To Phillip Vannini, a ferry isn’t simply a vessel to transport people across water from point A to point B.
It is often the pulse of a community, a public square, a clock or a gateway. It can be a source of frustration, or an opportunity to practice some down time.
A ferry can be the soul of a coastal community, with its schedule woven into its social fabric.
To research his new book, Ferry Tales: Mobility, Place, and Time and Canada’s West Coast, Vannini conducted more than 400 interviews with ferry passengers on each of the routes operated by B.C. Ferries. He spent hundreds of hours, including one 37-hour stint on the Queen of Chilliwack, on about 250 ferry rides while visiting virtually every coastal community the ferries serve.
“My motivation to do the research was to tell rest of province that is not ferry dependent to say ‘imagine what it would be like for you to have to pay a toll to drive into your driveway and to go to work every day,” said Vannini.
“We just want freedom of access, right to mobility as recognized rights.”
But the central theme in the book is the love-hate relationship people in communities who rely on their ferry have with their vessels.
Vannini says through anecdotes told to him, people indicated love for the fact ferries insulate communities from crime, overpopulation and other threats. But at the same time, ferries also provide isolation.
“When ferry fares go up and tourists don’t show up, we feel the effect first and foremost. Those are just examples of how the love and hate of ferries is so strong because we depend so much on them,” he said.
The book was inspired by a project Vannini, a professor at Royal Roads University, did with former student Jaigris Hodson called Island Time. That 14-page paper studied how the MV Quinsam, which serves Gabriola Island, influenced residents there. It spurred a similar project on a larger scale.
“I wanted to look at ferries and how they shape the Island and the coast,” he said. “It turns out time, place, economy, just about everything under the sun, especially on smaller islands, is connected in one way or another to the ferries. There are a lot of fun stories in the book.”
Ferry Tales employs seven parts, one of which explains how people from various parts of the coast react to missing their preferred sailing, and techniques used by people to make sure they catch their preferred sailing time.
Vannini admits to his own impatience after waiting for a vessel for 19 hours, which caused one central coaster who was waiting with him to suspect he was from the south coast.
“Here on the south coast if you miss a ferry, or it’s running late, you get cranky, maybe even a little bitchy, and it sort of interrupts your day. In Haida Gwaii, or the central coast, you can get delayed three days. People there don’t freak out, they’re used to it.
“As someone told me after I made a comment while waiting for 19 hours, ‘you must be from the south coast. We leave when we leave,” said Vannini, who originally called the project We’re All in the Same Boat.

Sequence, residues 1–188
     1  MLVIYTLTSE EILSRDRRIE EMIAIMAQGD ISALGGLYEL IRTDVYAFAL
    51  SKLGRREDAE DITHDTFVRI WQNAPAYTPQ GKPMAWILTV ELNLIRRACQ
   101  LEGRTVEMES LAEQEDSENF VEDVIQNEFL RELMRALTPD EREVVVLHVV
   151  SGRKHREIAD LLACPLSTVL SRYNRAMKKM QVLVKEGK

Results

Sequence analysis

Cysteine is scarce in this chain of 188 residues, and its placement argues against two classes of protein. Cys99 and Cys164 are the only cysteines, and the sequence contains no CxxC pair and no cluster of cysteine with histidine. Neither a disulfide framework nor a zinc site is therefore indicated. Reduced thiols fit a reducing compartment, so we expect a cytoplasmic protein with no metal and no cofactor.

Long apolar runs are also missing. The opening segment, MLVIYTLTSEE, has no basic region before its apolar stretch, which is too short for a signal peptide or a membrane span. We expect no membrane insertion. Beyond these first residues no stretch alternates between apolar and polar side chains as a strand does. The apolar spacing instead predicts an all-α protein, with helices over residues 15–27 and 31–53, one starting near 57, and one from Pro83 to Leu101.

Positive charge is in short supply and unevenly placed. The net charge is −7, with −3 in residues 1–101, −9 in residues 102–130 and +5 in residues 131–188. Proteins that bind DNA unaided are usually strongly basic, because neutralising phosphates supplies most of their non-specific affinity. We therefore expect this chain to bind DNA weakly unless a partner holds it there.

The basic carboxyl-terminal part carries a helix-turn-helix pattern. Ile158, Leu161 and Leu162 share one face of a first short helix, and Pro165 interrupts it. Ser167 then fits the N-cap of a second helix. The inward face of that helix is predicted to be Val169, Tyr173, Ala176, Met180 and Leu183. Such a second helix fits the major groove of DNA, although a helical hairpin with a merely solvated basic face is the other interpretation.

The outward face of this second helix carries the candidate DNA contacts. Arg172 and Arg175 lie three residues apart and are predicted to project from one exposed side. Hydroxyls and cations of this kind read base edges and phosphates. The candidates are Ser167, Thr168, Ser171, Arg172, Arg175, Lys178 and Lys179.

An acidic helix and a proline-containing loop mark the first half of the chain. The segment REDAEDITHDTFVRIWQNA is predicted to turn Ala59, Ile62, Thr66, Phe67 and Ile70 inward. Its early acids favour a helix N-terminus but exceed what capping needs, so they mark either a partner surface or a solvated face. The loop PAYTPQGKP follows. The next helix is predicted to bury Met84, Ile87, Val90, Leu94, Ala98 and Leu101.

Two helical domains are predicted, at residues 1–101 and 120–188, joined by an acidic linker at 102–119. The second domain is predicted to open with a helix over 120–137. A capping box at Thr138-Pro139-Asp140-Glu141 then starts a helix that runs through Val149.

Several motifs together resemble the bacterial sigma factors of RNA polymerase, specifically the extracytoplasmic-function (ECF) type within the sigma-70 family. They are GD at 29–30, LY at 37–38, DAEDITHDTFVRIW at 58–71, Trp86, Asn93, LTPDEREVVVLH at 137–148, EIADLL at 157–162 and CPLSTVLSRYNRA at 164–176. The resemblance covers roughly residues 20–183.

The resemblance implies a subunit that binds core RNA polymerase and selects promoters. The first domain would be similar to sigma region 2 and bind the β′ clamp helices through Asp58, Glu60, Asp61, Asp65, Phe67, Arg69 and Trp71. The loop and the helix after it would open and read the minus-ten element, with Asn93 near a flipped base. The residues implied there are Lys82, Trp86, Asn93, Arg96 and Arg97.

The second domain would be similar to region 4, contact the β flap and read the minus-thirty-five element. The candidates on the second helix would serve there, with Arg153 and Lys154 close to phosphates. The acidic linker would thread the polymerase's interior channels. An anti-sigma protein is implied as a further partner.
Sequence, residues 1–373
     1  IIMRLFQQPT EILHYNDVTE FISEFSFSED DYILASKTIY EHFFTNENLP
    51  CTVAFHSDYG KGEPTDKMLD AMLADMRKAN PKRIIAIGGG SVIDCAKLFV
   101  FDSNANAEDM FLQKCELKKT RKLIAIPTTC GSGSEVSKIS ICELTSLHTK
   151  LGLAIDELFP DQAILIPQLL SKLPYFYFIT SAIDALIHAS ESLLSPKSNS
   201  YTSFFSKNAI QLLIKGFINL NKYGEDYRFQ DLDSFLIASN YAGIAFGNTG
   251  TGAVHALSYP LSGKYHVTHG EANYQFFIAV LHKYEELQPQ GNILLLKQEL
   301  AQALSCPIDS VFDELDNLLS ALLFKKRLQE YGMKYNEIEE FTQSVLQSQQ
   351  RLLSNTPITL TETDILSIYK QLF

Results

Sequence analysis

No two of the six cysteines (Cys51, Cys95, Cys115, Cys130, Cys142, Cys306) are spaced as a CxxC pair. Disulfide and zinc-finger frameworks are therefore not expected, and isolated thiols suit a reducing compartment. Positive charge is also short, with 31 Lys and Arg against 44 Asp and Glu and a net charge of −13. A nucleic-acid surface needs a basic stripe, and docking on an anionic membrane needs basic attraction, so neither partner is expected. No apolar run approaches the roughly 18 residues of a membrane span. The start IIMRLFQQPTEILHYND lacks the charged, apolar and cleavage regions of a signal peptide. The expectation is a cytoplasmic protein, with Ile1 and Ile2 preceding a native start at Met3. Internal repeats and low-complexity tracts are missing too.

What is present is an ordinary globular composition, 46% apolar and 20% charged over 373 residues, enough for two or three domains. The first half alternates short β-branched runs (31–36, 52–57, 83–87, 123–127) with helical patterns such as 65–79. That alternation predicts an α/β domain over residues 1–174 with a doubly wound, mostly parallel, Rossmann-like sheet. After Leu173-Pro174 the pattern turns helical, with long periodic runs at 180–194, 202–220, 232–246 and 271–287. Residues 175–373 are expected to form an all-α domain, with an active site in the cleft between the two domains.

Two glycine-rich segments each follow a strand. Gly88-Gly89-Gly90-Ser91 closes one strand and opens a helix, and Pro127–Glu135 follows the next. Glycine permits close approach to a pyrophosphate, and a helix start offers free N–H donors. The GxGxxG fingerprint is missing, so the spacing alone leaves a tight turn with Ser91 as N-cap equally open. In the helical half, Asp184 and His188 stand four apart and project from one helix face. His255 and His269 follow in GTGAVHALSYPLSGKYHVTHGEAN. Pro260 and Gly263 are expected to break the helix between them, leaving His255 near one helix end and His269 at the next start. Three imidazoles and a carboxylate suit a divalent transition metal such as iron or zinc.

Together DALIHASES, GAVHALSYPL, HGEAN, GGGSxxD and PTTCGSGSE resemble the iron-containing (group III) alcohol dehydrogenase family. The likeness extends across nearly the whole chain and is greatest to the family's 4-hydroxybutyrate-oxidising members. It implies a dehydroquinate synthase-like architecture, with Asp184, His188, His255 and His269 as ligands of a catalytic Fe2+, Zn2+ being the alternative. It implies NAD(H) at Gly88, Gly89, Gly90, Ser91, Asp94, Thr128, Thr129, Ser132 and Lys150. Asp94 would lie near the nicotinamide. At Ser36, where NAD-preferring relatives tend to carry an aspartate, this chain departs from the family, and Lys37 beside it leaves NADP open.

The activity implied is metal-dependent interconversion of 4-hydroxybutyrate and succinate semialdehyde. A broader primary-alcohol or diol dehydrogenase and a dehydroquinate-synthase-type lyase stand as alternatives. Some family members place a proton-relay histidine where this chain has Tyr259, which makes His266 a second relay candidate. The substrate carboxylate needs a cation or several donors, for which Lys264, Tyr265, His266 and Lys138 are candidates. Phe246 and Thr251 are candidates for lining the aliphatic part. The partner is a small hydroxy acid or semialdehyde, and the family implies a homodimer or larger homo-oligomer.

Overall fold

Partway into his research, he realized the immense diversity of ferries and the culture they carry, and that the boats and communities they serve are definitely not the same.
From students who commute to school from Bowen Island to West Vancouver to seniors who hadn’t been off the mainland in 50 years, Vannini interviewed as many people as he could to get a bead on the influence of ferries and the cultures they create.
His personal favourite is the Queen of Chilliwack, a slow-moving vessel that plies the waters of the central coast during the summer months. It’s laid back culture enabled Vannini to meet most of the people on the boat.
“The reason why I like it is because if you’ve got time to kill, you get to meet everyone. The ferry’s crew comes out on the deck and they bring out a big barbecue and they barbecue salmon and burgers. It’s like going on a cruise,” he said, adding he also prefers the MV Bowen Queen, the replacement to the workhorse MV Quinsam that serves Gabriola.
“On the Bowen Queen, you get out of your car and step into the lounge and talk to people. The Quinsam is like a parking lot, at least to me, but everybody has their preference.”
Interestingly, Ferry Tales was released the same week as the commissioner for B.C. Ferries, Gord Macatee, released recommendations to rejuvenate the ailing ferry system. Many of Macatee’s suggestions are also given as ideas in the book.
“The escalation of ferry fares is a provincial tragedy. It’s a way of killing these communities I’ve visited,” said Vannini. “The more ferry fares go up the more diversity we lose because it ends up being only select people who can afford to live [in communities served by ferries].”
The book was released in traditional print form and hypermedia Jan. 25 through Routledge Publishing and is also available through Amazon and Chapters. For digital readers, the hypermedia version will give readers full access to information, recordings and photos simply by clicking on highlighted words for a more in-depth look at Vannini’s experience during his research.
Full proceeds from the book are being donated to non-profit organizations on Gabriola Island, where the author lives.